Go Fourth
Sunday July 04th 2010, 10:37 pm
Filed under: Friends,History,Wildlife

Fireworks again tonight, same place. Curious.  Only, this time I went outside and watched most of the show–after noticing the falcon behavior on the cam: both juveniles had already taken up their posts for the night, and it used to be, when they were new at this flying thing, that they roosted together on the louver. Of late, they haven’t always been there and when they’ve both been on the louver, they now stay at opposite ends of it.

They’re not ready to go totally off on their own quite yet.  A little independence at a time.

But when those big Fourth of July booms started, Maya scuttled halfway down it towards the reassurance of her brother’s presence. After the booms stopped, she went back to standing  sentry duty at the far end from him, facing him, watching over him as their mother had watched over her young by night.

Meantime.  I knew my friend Marguerite’s mother grew up ethnic Chinese in Hawaii, and Marguerite’s father, whose family emigrated from China when he was two, taught their daughter that the only description that mattered was “American.”

Her mom got talking a little about that today.

She was a young woman coming out of church one day, wondering at what all that sound going on out there was about.  So did everyone else. It became immediately obvious as they stepped out the church door: Pearl Harbor was under attack! They watched and cheered on the American side of the fight.  Bearing witness. Remembering forever.

Today, as I listened and realized Hawaii hadn’t even been given statehood yet at that point, she bore fervent thanks for the privilege of being an American.

To which, with equally fervent thanks to my ancestors (here and here are two, others came later) who braved their trips across a different ocean, seeking freedom, I say, amen.

4 Comments so far
Leave a comment

Lovely post, Alison. I always pause for a moment on the 4th and give thanks that I have literally grown up under the shadow of Jefferson’s Monticello, and I have a little moment of awe for the annual naturalization ceremony held there on the 4th. Imagine… people still want to BE Americans!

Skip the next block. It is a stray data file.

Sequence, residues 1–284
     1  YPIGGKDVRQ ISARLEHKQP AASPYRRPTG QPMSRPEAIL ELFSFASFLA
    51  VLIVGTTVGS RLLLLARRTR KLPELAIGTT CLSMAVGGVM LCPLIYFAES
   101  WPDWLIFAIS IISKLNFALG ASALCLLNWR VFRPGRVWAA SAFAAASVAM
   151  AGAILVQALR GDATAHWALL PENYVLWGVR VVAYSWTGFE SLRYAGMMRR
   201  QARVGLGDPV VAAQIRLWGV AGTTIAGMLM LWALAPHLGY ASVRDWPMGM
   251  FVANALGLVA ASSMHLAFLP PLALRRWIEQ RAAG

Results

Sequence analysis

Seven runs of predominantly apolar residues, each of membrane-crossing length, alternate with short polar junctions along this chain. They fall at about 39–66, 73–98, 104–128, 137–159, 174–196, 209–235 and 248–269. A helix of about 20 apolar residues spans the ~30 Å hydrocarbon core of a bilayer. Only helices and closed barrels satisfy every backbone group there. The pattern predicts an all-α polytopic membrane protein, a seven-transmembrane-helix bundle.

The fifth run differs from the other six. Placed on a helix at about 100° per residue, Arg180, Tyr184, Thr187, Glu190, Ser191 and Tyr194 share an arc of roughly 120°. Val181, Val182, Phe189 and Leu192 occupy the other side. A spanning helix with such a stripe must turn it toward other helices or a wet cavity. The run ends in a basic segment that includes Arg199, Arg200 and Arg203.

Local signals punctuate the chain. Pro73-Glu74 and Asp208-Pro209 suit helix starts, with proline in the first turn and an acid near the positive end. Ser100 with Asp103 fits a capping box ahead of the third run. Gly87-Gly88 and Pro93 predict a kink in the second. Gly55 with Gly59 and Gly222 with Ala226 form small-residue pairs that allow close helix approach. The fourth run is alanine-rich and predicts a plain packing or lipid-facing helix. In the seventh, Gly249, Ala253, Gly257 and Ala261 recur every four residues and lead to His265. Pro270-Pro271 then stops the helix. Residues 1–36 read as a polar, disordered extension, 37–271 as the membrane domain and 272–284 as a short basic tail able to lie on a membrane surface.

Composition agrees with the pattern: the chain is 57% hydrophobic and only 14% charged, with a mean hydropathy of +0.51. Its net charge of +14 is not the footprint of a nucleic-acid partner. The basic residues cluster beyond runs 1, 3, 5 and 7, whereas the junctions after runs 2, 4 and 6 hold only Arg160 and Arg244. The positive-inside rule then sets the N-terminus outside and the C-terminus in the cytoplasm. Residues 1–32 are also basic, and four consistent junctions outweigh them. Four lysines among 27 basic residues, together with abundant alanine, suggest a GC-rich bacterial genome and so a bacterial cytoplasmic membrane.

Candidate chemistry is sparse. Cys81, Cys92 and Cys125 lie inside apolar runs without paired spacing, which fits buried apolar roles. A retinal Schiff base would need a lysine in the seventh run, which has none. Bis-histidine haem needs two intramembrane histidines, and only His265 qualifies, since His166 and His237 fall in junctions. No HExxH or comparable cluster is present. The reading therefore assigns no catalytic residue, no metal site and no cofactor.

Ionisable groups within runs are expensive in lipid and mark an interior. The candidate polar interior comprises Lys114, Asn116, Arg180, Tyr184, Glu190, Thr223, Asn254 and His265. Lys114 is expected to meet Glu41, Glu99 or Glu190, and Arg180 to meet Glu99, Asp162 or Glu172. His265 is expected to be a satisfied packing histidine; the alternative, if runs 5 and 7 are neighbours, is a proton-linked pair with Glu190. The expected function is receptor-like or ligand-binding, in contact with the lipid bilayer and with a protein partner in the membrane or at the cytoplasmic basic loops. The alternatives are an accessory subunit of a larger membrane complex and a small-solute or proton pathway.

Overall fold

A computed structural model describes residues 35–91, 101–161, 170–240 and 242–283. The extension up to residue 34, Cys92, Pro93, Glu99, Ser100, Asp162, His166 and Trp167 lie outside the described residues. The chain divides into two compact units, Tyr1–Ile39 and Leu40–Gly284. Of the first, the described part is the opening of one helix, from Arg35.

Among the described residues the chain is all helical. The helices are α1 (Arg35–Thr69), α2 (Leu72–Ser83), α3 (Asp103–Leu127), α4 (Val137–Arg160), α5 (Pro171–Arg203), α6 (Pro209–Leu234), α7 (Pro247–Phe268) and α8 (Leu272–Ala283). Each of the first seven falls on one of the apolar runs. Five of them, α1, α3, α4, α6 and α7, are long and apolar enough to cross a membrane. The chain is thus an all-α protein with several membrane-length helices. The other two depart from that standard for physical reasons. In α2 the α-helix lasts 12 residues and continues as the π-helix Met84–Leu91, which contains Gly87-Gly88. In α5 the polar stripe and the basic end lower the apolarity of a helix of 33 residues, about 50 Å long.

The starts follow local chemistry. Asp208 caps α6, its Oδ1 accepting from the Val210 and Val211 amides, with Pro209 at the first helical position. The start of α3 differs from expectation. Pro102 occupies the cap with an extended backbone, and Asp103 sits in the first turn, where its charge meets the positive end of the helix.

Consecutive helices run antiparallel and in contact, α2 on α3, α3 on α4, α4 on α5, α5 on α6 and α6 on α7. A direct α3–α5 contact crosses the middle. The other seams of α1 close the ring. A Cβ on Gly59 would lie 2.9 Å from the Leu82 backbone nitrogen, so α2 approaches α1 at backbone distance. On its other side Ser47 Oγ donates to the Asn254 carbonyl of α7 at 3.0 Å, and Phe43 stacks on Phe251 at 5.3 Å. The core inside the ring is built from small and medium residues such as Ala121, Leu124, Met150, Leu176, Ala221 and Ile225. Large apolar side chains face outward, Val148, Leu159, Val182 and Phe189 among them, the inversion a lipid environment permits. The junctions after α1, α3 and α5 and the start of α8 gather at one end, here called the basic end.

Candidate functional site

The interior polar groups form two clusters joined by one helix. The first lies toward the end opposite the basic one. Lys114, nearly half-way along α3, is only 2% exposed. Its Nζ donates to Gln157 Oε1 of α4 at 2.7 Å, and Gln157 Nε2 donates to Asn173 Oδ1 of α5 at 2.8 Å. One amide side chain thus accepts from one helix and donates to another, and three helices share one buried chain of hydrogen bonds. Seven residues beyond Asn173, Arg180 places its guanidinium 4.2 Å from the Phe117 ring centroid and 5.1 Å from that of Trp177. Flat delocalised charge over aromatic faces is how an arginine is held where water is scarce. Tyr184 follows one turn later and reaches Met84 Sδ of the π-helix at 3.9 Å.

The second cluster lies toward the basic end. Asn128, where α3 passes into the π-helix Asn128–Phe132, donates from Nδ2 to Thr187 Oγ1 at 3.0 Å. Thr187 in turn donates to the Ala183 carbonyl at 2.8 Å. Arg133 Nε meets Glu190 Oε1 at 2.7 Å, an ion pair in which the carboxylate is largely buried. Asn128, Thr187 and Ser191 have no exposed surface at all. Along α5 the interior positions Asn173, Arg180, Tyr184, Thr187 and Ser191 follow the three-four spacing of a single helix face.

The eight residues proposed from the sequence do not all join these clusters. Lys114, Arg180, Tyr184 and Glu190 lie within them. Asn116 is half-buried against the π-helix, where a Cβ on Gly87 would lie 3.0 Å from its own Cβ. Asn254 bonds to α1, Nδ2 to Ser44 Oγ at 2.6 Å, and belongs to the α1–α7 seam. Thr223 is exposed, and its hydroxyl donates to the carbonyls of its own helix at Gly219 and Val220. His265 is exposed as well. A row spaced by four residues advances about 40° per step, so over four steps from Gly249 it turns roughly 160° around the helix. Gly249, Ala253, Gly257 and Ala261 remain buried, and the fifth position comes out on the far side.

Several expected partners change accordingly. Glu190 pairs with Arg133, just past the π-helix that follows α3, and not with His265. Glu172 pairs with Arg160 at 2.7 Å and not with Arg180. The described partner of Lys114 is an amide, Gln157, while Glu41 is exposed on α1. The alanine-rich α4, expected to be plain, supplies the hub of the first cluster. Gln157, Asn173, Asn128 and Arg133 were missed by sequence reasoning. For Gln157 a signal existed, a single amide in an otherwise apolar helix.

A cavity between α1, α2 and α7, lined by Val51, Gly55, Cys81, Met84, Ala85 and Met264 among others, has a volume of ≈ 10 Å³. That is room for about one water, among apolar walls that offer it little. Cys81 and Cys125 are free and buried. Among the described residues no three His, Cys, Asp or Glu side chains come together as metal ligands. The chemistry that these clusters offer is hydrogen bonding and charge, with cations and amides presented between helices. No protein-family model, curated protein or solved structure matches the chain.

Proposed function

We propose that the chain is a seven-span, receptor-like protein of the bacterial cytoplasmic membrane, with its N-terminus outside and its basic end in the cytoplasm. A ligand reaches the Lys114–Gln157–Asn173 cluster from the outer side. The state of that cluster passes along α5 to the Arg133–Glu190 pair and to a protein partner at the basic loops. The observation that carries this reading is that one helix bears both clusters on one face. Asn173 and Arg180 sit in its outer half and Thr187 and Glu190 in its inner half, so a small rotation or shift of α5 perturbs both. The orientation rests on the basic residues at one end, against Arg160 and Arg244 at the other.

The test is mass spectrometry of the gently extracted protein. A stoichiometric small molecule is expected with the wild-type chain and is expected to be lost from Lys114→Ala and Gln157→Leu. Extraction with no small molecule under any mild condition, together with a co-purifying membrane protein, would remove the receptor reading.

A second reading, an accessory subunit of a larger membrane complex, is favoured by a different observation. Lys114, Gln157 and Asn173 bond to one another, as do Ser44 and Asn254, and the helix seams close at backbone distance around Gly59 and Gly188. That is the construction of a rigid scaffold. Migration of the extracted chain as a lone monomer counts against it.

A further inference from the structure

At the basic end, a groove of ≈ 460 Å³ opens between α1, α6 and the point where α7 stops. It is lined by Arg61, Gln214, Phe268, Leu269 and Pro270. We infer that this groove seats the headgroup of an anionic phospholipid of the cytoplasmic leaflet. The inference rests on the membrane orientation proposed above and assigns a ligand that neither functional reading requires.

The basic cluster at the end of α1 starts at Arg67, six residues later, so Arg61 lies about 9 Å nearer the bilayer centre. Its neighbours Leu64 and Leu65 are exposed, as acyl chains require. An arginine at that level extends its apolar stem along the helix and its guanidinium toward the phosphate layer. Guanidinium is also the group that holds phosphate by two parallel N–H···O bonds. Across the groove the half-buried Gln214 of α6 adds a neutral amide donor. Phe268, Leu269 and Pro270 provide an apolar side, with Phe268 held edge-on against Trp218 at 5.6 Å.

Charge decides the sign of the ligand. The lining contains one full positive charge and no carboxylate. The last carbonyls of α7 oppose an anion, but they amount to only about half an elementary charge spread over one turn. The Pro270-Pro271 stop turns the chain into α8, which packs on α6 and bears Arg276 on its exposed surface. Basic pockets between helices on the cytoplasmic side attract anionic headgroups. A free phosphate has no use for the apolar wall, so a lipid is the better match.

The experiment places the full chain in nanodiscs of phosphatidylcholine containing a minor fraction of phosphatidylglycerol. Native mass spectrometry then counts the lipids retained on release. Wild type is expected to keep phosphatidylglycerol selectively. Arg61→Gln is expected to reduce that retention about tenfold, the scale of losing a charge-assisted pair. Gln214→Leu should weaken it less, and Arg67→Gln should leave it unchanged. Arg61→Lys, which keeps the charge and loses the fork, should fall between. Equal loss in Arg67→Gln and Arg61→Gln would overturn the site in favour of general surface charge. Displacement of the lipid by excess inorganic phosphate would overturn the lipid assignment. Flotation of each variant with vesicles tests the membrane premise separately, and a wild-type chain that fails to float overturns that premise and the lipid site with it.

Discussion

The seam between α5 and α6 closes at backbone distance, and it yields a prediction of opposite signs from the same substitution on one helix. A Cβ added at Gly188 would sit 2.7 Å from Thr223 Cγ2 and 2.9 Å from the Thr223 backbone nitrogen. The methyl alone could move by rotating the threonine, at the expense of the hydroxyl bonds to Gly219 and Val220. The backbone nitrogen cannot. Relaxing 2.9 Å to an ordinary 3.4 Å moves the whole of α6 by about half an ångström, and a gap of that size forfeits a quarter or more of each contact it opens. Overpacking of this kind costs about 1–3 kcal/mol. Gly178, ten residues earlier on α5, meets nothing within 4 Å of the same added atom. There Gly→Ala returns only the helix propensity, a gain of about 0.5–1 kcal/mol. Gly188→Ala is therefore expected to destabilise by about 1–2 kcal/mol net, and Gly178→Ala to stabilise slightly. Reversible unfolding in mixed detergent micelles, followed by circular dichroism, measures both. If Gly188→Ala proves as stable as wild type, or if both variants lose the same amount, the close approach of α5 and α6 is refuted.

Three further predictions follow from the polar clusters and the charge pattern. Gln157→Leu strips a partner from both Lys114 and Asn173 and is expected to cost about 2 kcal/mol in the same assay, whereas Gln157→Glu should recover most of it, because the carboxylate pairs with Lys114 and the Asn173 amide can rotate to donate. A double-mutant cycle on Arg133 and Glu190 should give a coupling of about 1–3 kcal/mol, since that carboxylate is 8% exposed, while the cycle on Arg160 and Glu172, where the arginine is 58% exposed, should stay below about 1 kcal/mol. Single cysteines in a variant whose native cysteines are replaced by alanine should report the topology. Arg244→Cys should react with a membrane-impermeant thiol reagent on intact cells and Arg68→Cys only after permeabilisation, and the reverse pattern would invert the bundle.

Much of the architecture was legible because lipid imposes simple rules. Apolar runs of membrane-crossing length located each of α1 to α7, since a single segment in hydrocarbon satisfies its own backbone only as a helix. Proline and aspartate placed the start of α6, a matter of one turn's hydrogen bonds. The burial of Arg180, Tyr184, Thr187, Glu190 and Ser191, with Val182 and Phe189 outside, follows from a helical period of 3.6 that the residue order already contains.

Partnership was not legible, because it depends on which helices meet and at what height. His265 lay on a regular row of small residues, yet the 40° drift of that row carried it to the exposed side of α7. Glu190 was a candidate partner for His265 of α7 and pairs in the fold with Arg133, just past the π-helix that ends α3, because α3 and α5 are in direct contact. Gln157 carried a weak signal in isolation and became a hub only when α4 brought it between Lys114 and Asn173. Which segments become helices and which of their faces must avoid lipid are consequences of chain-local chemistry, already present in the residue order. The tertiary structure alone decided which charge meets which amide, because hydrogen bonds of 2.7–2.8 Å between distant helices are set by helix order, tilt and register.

Comment by Channon 07.05.10 @ 6:26 am

Having had grandparents who immigrated from Bermuda and Italy, I feel very privileged to be born an American. On our way over the George Washington Bridge in NYC yesterday, I was moved to tears at the gigantic American flag that waved between the supports over the roadway. God bless America!!!

Comment by Jody 07.05.10 @ 6:52 am

I don’t suppose there are any Stowells in that group of forefathers are there?

(wouldn’t that be just a real hoot if we’ve got some common “root”!)

Comment by Bev 07.05.10 @ 6:53 am

Both my parents were immigrants. My mother was brought over by her father from Russia when she was still a child. My father came from Poland, I’m told, after first emigrating to England. I feel exceedingly fortunate to have been born here, and I think Channon hit the nail on the head when she said that there those who still want to be Americans!

Comment by Don Meyer 07.05.10 @ 9:38 am

Leave a comment
Line and paragraph breaks automatic, e-mail address never displayed, HTML allowed: <a href="" title=""> <abbr title=""> <acronym title=""> <b> <blockquote cite=""> <cite> <code> <del datetime=""> <em> <i> <q cite=""> <s> <strike> <strong>